A Study in Euphoria: THE STONE ROSES

The Stone Roses Return
By Nick Parker

First in the Series

Last Wednesday, quite out of the blue, I sent an old friend back in Manchester (UK) the following message:

"Are you going? Can you get Jill (my wife) and I tickets? ANY MONEY."

A few days later, a long line of absurd facts, now on record, unfolded: 150,000 tickets sold in 14 minutes, 225,000 sold in 63 minutes, the fastest selling show in UK musical history – and I'm left wondering what is driving public hysteria. I will be there and am so happy to be part of it.

The event is, of course, the three upcoming shows of the newly reformed seminal 90s indie band The Stone Roses. For those reading in this England, I am speaking about a musical event so massive that you may feel that nothing more need be said. The Stone Roses are deeply embedded in England's, and particularly Manchester's, musical make-up. Here though, it's worth conceding that they were yet another band that never quite broke the market, unlike Oasis (NB: one of the brothers grim is rumored has been confirmed to be playing support at these upcoming shows).

For those that are less familiar (and less obsessed) then, a little history is in order. The four members of The Stone Roses, who formed in 1983, released a relatively small amount of material before they imploded theatrically. Having produced, in their eponymous debut, an album so flawless that NME readers recently voted it the greatest UK album of all time, their second full length LP took five years to surface, during which time relations between school friends Ian Brown (the band's singer) and John Squire (their guitarist) had soured. After Squire quit the remaining members of the band stumbled through a few embarrassingly bad (and very large) concerts, before they gave it up. Brown and Squire didn't speak for 15 years.

To say that it came as a shock to many when the Stone Roses abruptly announced last week that they were back in action is an understatement. The 225,000 lucky ones who got a ticket can't glibly be spoken for of course. I can only try to speak for the one person who sent that text, confident that missing the question's object would not be confusing to my friend, and forgoing the fact that "ANY MONEY" might prove to be 'a lot of money.' Why am I still slightly giddy as I write that, yes, I will be there when The Stone Roses take the stage again for the first time in well over a decade? Why do I feel an irresistible compulsion to fly across an ocean to go to a gig? It's just too easy to sputter out some platitudes about The Stone Roses as 'important' or 'great.' I want to understand why I care so much, but it’s never quite enough.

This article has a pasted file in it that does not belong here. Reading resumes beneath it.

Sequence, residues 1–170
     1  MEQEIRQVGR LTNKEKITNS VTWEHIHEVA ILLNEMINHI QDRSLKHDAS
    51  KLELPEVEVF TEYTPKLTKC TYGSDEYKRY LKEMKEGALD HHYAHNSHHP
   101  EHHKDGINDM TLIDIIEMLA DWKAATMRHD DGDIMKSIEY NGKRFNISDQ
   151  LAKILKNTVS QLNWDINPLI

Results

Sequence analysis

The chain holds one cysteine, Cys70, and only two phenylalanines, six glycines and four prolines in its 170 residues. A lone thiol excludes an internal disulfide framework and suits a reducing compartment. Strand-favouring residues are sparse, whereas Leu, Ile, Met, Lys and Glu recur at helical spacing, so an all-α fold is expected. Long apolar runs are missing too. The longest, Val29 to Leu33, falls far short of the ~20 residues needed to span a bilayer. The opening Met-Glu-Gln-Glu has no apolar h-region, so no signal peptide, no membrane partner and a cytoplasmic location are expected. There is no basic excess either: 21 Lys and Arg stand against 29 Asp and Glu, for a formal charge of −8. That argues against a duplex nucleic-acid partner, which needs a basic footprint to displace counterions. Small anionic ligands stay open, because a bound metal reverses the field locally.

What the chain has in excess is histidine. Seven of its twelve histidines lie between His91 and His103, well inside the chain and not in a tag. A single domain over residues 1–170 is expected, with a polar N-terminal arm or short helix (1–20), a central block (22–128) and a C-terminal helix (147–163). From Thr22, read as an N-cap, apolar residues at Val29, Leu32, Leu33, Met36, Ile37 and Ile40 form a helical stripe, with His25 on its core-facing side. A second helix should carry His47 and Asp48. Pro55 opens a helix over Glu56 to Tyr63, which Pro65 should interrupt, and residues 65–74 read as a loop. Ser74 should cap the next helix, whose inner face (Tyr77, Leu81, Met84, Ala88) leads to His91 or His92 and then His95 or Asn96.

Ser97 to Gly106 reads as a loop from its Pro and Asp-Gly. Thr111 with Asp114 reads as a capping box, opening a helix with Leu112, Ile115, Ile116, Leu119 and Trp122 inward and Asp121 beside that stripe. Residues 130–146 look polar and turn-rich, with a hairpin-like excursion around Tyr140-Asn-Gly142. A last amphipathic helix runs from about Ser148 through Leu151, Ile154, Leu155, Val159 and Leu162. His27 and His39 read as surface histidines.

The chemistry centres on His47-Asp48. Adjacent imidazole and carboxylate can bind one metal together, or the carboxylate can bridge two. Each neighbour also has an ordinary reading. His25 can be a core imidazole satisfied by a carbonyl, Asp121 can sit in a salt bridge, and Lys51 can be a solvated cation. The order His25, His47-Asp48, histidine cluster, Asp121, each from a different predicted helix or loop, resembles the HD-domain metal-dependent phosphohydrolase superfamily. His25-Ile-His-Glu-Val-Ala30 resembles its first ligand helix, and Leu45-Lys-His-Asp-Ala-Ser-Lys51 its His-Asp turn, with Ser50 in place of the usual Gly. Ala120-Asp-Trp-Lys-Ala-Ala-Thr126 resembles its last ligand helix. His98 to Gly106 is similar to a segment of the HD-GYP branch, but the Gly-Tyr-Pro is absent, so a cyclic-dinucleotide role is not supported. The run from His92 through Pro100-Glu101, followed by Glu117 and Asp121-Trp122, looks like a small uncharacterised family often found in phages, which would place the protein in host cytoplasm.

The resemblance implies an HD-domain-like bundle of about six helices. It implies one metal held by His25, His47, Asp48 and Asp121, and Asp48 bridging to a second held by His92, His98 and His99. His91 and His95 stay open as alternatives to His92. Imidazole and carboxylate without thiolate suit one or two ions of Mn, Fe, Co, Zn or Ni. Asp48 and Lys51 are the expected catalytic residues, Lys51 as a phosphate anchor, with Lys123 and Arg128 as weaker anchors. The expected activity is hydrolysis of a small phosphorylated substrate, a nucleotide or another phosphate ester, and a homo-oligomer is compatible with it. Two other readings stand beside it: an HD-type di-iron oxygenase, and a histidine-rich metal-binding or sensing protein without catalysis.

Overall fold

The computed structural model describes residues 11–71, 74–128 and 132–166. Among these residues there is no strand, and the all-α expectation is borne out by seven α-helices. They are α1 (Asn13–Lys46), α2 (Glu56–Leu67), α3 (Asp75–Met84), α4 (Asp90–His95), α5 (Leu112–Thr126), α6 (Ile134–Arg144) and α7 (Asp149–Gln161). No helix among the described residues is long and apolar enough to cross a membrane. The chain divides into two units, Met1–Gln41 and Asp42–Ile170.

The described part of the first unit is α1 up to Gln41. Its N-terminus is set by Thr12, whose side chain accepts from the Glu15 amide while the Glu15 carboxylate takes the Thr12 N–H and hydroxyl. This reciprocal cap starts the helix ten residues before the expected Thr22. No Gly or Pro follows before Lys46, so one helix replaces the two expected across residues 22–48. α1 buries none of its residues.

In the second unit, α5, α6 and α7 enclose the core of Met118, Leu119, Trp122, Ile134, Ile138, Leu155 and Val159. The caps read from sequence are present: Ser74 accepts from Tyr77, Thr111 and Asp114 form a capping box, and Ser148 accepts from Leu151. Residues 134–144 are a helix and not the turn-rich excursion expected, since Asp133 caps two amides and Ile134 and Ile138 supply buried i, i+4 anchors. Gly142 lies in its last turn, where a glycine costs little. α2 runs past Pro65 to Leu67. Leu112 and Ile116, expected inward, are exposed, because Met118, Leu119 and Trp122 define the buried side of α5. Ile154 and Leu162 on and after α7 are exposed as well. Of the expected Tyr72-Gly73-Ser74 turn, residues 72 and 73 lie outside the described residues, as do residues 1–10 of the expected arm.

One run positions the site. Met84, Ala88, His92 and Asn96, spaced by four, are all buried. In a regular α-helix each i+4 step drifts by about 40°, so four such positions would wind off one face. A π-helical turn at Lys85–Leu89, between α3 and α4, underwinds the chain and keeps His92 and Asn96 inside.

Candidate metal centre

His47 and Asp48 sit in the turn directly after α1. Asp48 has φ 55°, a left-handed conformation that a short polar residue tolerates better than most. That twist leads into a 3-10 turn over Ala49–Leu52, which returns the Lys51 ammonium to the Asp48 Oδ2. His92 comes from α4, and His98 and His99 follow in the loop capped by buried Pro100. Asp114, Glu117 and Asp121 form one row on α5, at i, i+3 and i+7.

Something Ian Brown said at the press conference announcing the band's return last week offers one clue. Apparently Brown had wanted to make the announcement during this summer's riots in Manchester, during which swaths of frustrated young people set fire to shops and cars in the city center. No one can know if news like the reformation of a local band from the early 90s would have had any effect at all on the rioters, many of whom were surely too young to have ever seen them before.

Given the incredible response to the upcoming shows though, Brown's implication that a piece of music news like this might actually have diminished violence on the streets doesn't seem that far-fetched. Perhaps that begins to explain the weight of this event: The city I love might just have come to together again on nothing more than the possibility that these four could do the same.

Editor's Note: Nick Parker is a long-standing Editor & writer with Ryan's Smashing Life. He grew up in Manchester, England and has been talking about The Stone Roses & PJ Harvey for as long as we've known him.

Stone Roses
Web / Wikipedia


Talk about the show of a lifetime! I'd love to be there, but will have to settle for reading the review & hope they come to the US.

How do they handle ticket scalping in the UK? Do they have any measures to counteract that? Or just let the market do what it will?

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